A Horror of Hell and the Octave of Prayer for Christian Unity

The title of this post is deliberately ambiguous. I am in fact referring to two separate but related things: one of the tools of good works cited in today’s passage of the Rule of St Benedict, RB 4.45, and this week of the year when we Christians devoutly pray for unity. Let me explain.

Today’s section of the Rule is concerned with judgement — how we shall be judged on the Last Day, how we are to motivate ourselves to keep guard over the actions of our life, how we are to understand God’s watchful presence in our lives, and so on and so forth. For me it is a powerful reminder that Christian unity is not an optional extra but an obligatory part of being a Christian. The trouble is we all understand different things by unity, and therein lies the challenge.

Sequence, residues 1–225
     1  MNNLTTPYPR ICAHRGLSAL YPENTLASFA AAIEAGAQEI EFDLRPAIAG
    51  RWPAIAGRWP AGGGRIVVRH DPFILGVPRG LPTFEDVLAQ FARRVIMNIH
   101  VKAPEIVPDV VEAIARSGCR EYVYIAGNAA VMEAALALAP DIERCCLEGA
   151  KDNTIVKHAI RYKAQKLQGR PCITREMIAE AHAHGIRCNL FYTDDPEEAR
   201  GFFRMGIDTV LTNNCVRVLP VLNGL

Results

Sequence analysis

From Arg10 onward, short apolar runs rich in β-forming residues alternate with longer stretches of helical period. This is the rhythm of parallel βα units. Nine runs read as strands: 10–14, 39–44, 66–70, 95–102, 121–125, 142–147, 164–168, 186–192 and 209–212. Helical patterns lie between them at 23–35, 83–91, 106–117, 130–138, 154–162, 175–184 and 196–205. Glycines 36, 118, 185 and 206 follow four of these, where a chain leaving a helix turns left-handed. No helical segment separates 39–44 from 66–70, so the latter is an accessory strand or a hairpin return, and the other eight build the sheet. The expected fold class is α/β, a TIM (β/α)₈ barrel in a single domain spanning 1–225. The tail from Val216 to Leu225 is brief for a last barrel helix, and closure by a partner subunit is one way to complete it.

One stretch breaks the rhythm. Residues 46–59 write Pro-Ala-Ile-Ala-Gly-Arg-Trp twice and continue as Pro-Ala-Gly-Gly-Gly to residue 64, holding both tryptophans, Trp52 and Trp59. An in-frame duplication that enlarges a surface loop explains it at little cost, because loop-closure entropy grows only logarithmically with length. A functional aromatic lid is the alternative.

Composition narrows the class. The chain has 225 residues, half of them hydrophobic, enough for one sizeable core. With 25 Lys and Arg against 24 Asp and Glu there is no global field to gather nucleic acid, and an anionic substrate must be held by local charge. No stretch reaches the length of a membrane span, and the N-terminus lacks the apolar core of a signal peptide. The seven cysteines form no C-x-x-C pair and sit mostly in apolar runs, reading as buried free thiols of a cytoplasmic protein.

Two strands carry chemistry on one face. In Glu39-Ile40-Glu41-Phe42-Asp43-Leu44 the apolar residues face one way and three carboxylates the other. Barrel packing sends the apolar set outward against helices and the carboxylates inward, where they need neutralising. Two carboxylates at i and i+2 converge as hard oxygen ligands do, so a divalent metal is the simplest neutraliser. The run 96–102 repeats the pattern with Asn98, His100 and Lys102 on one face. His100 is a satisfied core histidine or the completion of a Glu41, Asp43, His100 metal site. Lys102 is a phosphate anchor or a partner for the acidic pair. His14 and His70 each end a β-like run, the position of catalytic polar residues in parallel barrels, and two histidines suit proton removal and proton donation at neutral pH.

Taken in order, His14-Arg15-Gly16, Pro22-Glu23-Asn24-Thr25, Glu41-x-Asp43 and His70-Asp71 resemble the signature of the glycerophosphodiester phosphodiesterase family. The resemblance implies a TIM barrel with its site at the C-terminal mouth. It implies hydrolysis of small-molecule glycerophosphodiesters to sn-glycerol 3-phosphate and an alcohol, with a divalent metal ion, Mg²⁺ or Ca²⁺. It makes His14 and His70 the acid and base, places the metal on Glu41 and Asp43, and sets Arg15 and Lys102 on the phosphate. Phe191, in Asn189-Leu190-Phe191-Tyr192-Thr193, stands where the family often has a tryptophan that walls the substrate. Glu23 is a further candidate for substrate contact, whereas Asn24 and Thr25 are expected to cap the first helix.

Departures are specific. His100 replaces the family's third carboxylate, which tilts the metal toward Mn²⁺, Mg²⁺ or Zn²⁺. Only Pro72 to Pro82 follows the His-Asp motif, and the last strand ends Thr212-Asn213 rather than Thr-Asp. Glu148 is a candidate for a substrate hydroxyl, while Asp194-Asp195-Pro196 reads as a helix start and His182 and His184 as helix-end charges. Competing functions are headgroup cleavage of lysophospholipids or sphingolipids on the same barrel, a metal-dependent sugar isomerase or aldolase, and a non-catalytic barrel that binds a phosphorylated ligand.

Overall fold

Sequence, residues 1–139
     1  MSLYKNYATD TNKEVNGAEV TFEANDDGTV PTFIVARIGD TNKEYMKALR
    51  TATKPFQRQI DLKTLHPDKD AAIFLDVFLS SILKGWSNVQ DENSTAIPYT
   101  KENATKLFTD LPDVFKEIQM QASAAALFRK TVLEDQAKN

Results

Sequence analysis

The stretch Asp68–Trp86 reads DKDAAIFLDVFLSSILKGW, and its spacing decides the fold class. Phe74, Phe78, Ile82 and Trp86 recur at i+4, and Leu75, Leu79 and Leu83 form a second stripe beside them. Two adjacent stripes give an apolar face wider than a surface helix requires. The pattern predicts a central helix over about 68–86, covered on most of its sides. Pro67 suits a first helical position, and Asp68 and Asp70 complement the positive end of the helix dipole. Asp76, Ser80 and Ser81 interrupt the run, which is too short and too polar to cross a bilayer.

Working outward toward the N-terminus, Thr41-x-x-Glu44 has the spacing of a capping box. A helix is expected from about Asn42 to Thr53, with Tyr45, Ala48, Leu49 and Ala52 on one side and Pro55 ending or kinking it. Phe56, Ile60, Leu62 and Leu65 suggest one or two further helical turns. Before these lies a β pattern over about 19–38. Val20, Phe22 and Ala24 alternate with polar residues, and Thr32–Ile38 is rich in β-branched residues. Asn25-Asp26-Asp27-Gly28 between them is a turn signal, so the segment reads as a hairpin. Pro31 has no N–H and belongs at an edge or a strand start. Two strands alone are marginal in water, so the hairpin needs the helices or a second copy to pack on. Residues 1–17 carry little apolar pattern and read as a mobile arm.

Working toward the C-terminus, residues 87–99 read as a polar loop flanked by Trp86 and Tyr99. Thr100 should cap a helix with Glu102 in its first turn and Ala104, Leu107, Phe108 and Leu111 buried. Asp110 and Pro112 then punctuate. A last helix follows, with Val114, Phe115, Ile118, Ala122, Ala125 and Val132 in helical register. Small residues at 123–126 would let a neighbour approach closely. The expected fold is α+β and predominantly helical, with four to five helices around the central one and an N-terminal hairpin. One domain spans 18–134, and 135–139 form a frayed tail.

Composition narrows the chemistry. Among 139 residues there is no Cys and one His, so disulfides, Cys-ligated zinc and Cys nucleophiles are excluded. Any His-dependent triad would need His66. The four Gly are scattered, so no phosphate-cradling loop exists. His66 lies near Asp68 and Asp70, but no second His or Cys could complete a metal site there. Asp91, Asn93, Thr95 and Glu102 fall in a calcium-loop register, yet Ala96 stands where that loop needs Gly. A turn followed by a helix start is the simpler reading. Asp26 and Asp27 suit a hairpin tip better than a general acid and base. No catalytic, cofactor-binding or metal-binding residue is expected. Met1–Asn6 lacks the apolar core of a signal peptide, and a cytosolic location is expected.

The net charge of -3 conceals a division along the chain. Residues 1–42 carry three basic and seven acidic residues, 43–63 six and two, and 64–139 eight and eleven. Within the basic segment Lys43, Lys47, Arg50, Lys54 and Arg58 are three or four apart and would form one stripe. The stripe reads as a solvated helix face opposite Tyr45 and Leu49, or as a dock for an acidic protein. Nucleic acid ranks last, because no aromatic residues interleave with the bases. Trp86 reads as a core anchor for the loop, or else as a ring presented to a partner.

As a Catholic, I subscribe to the teachings of the Catholic Church without reservation.  I don’t find all of them easy, and there are certainly some that I consider to be more important than others (a hierarchy of truths in operation, if you like). But the essential thing is that I try to understand the Church as the Church understands herself because I believe that to be key to understanding Christ. Therefore, the first kind of unity I seek and aim at is the unity of the Church to which I belong. I am always trying to improve my own knowledge and understanding so become uncomfortable when self-appointed guardians of the Faith hurl accusations at those they consider to be less ‘orthodox’ or less ‘compassionate’ than themselves. I am inclined to follow Benedict’s lead in believing that correction should only be given by those with authority to do so, i.e. those appointed. Sadly, I find many of those wanting to set others right online are themselves ill-informed. This makes for a disunity that is like a slow poison in the system — not helped by the fact that Google is not able to distinguish between truth, half-truth and fiction!